Sadly, with no umpire to call them out, committee Republicans were able to keep going in that vein for more than two full hours, with Burgess providing many of the lowlights.

Responding to a question from the Texan about a McKinsey Group assessment of the Healthcare.gov website made last summer, Sebelius noted that one of the consultants’ main concerns was the functioning and reliability of the system’s “hub.”

“They thought that would be where the large number of problems occurred,” she said. “We focused a lot of time and attention--” 

“And may I submit that they were actually accurate in that assignment,” Burgess interrupted.

“The hub has worked beautifully from start to finish,” Sebelius corrected him.

Nonplussed, Burgess immediately moved on.

“You’ve testified this morning that people cannot actually make their payment now, when they go on Healthcare.gov.”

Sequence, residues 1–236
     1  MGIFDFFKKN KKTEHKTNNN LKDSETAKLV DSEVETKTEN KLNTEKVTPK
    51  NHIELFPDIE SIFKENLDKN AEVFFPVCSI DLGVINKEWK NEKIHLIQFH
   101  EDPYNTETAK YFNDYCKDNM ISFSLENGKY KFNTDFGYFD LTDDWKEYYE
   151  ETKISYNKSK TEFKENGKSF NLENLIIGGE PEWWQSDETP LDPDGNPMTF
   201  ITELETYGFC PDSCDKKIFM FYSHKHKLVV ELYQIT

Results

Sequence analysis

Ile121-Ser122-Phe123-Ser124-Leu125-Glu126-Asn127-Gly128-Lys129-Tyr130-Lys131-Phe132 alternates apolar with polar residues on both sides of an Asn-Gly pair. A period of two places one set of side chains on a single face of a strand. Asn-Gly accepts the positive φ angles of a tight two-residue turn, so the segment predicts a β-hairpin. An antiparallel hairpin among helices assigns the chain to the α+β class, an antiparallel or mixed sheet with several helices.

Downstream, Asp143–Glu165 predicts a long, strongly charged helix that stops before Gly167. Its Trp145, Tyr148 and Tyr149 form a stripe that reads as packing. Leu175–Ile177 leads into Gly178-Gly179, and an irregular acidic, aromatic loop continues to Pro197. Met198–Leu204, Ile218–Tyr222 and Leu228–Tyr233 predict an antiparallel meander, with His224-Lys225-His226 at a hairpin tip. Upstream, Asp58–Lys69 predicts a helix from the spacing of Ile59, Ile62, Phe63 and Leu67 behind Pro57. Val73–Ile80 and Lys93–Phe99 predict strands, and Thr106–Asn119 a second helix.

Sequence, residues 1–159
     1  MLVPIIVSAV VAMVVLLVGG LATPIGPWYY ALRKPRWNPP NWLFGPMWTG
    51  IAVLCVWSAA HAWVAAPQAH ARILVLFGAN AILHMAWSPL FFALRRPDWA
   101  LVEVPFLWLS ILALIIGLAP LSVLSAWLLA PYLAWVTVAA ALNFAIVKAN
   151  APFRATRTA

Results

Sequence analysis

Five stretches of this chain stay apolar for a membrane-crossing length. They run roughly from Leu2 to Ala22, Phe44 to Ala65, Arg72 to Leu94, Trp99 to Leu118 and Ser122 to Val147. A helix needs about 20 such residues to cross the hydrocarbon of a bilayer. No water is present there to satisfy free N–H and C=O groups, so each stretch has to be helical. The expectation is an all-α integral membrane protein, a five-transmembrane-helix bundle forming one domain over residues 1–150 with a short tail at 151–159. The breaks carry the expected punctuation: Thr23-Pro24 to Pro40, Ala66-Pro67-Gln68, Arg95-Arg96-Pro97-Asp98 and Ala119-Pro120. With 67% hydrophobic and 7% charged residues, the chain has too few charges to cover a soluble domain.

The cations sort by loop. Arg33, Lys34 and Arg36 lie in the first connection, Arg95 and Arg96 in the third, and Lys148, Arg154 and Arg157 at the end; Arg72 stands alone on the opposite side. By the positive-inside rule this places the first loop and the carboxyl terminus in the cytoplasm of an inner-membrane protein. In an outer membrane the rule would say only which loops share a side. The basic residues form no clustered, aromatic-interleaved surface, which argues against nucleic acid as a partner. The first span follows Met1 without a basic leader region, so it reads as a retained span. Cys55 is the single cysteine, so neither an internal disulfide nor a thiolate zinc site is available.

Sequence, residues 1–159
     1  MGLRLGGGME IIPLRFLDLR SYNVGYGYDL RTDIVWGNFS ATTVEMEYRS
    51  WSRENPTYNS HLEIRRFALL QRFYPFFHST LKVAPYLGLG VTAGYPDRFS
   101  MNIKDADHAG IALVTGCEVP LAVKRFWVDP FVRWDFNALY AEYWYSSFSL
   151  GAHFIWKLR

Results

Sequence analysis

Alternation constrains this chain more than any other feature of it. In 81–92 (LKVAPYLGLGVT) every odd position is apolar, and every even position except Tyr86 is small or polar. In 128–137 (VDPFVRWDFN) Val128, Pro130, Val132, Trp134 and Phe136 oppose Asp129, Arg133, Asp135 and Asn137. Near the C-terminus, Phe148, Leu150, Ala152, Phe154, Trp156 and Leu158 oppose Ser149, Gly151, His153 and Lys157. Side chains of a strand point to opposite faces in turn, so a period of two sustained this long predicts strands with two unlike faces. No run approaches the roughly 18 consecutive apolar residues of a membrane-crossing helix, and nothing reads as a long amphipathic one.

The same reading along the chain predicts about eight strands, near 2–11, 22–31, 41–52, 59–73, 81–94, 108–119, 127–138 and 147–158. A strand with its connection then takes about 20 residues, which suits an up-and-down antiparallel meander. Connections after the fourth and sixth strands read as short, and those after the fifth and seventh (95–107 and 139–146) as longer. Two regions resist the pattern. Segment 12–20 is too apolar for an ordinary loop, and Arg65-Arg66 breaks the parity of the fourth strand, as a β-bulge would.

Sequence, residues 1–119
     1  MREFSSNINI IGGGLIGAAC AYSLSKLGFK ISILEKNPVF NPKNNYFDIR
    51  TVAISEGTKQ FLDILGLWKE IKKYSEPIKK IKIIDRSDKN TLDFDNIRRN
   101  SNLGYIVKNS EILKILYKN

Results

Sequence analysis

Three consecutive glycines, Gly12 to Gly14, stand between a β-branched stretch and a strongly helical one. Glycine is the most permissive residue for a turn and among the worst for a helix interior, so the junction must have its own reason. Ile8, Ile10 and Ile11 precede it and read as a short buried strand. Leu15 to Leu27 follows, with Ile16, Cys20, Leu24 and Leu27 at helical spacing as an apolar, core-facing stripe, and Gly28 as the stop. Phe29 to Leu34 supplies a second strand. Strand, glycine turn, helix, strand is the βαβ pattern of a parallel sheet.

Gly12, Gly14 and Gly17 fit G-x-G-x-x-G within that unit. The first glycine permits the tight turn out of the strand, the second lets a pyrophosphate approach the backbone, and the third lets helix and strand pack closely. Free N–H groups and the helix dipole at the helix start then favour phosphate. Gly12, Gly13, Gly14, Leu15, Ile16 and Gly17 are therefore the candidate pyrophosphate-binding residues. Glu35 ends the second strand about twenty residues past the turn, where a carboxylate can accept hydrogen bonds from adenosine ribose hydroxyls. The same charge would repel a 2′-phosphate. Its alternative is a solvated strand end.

“No, that’s not accurate, sir,” Sebelius replied, recounting statements made earlier in the hearing. “I said a lot of people haven’t yet made their payment. The payment isn’t due. 

Related: Mental Health Gets $100m Boost from Administration

It was then that Burgess told of his failed effort to pay his premium through the health care exchange. 

“I was unable to make my payment on Healthcare.gov,” Burgess said. “I was told, you can’t make that payment.”

“You make it to an insurance company,” Sebelius explained. “You don’t pay the federal government.”